Swordfish are found just about everywhere and while most of the swords caught today are in the 100-200 pound range with lots of smaller ones, they are a prized eating fish. While commercial longliners catch them in Bermuda waters and a few have been caught by sportsmen, there is little directed fishing for them locally. The use of a light stick or Cyalume® attached to the bait or near the bait is believed to serve as an attractant to any swordfish that might be hunting in the dark depths. Although most such fishing is conducted at night, one has to suspect that they could well work in daylight too, simply because at 500 feet it is permanently dark no matter what the sun is doing. If you have nothing better to do and want a fuel-saving exercise, perhaps a drift out in the deep with some lines set way down could prove interesting.
Although seldom identified as such, the Atlantic big-eye tuna has occurred here in Bermuda. Juveniles might be confused with blackfin tuna and school-sized fish (everything has to start off small before becoming full-sized) might pass as yellowfins. Things to look for include a shorter than usual pectoral fin and a basically heavier body set. They may also be confused with a bluefin tuna because the big-eyes attain sizes in excess of 300 pounds and, just so everyone knows, the bluefin does not have blue fins. The Spanish name for them, atun rojo (literally red tuna), is more accurate than bluefin because the second dorsal and anal fins are more orangery-red than anything else.
So while the yellowfin and blackfin tunas are the species that get the most attention around here, there are also albacore (several caught recently by trollers), big-eye, bluefin, skipjack and the Atlantic black skipjack (a real fancy name for what we call mackerel), just to mix things up. It just makes you wonder how many misidentifications have been made here over the years.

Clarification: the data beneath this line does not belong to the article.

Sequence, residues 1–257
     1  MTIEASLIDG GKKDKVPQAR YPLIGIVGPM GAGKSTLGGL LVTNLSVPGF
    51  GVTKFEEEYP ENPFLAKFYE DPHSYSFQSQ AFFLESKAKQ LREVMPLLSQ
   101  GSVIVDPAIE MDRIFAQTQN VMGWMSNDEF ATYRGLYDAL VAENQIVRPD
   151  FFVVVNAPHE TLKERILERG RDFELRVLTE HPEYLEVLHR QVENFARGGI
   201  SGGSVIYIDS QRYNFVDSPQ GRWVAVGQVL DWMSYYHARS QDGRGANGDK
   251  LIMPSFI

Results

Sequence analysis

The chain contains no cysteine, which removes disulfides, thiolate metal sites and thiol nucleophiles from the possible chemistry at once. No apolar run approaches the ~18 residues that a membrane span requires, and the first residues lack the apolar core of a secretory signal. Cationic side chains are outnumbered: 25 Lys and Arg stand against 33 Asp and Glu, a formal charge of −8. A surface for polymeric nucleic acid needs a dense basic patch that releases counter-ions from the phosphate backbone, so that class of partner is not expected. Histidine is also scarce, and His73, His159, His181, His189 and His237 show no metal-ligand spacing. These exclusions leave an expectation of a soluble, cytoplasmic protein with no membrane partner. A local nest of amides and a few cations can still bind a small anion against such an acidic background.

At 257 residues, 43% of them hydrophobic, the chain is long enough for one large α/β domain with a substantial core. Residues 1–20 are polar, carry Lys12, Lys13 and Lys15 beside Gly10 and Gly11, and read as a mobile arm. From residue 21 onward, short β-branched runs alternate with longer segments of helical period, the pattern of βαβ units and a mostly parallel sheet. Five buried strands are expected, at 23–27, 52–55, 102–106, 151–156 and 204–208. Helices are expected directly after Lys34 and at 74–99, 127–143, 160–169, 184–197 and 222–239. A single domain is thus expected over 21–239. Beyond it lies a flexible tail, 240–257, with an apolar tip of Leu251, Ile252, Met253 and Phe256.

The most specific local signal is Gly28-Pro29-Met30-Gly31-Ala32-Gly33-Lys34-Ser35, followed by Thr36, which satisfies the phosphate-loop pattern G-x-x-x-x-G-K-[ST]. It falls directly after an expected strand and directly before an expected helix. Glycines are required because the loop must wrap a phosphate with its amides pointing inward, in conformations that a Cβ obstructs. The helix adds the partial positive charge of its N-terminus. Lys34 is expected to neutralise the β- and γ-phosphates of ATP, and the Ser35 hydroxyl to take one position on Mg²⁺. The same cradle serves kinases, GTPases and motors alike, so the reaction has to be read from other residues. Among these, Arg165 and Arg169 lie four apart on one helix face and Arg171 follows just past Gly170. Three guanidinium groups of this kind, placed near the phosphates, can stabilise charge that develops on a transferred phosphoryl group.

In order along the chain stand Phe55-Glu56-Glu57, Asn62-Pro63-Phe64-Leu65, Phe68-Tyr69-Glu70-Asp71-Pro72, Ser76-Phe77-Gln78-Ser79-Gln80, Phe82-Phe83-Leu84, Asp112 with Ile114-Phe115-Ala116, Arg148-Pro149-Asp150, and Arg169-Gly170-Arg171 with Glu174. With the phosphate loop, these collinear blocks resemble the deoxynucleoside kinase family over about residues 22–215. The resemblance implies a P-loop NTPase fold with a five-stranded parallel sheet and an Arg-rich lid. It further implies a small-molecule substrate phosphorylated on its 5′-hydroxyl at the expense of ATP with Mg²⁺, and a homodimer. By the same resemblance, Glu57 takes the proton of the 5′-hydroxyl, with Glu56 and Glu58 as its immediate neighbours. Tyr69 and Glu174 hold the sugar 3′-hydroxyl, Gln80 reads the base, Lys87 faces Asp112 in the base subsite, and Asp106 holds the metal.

In terms of billfish, the local scene is dominated by the blue and white marlins but we also get spearfish, sailfish and swordfish; so we really cannot complain about a lack of variety.
Just to quickly revert to tuna, the International Game Fish Association has officially ratified the huge yellowfin tuna that now stands as the all-tackle world record. The fish, caught in Mexican waters, off a long-range boat from San Diego, California, weighed in at 405.2 pounds, eclipsing a longstanding record of 388 pounds. The feat is also notable because fishing off a long-range vessel often contravenes IGFA rules, making catches ineligible for record status.
Just to put things into perspective, Bermuda has yet to catch a 200-pound yellowfin under rules on any class of tackle. While we might be able to compete with the rest of the world on certain light tackle classes, the really large fish seem to successfully avoid us.
Once a place that held an eclectic collection of world records, Bermuda now holds just a few and event that list is dwindling. Perhaps the season ahead will see a return to light and even medium classes of tackle that will take advantage of some of the species that attain extra large sizes here. Even though it might only be a twelve-pound yellowtail, on the right gear, it is plenty capable of making for some Tight lines!!!